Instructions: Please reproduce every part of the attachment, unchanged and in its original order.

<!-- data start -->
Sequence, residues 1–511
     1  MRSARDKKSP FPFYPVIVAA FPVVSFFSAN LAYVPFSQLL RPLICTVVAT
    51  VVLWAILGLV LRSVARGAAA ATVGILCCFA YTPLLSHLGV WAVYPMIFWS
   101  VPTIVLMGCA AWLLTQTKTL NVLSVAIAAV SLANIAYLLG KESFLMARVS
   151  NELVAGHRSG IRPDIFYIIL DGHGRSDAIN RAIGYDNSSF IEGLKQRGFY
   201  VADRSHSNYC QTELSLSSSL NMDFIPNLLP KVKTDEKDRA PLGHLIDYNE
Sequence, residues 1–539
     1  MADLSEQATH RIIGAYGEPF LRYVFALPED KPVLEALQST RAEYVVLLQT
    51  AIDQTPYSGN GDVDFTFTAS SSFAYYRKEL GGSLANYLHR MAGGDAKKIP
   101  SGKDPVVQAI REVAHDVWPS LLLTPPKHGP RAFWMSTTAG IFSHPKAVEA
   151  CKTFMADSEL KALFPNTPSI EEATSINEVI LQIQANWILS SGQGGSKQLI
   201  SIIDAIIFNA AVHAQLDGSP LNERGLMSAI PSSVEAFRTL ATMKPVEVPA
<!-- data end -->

Sequence, residues 1–511
     1  MRSARDKKSP FPFYPVIVAA FPVVSFFSAN LAYVPFSQLL RPLICTVVAT
    51  VVLWAILGLV LRSVARGAAA ATVGILCCFA YTPLLSHLGV WAVYPMIFWS
   101  VPTIVLMGCA AWLLTQTKTL NVLSVAIAAV SLANIAYLLG KESFLMARVS
   151  NELVAGHRSG IRPDIFYIIL DGHGRSDAIN RAIGYDNSSF IEGLKQRGFY
   201  VADRSHSNYC QTELSLSSSL NMDFIPNLLP KVKTDEKDRA PLGHLIDYNE
Sequence, residues 1–539
     1  MADLSEQATH RIIGAYGEPF LRYVFALPED KPVLEALQST RAEYVVLLQT
    51  AIDQTPYSGN GDVDFTFTAS SSFAYYRKEL GGSLANYLHR MAGGDAKKIP
   101  SGKDPVVQAI REVAHDVWPS LLLTPPKHGP RAFWMSTTAG IFSHPKAVEA
   151  CKTFMADSEL KALFPNTPSI EEATSINEVI LQIQANWILS SGQGGSKQLI
   201  SIIDAIIFNA AVHAQLDGSP LNERGLMSAI PSSVEAFRTL ATMKPVEVPA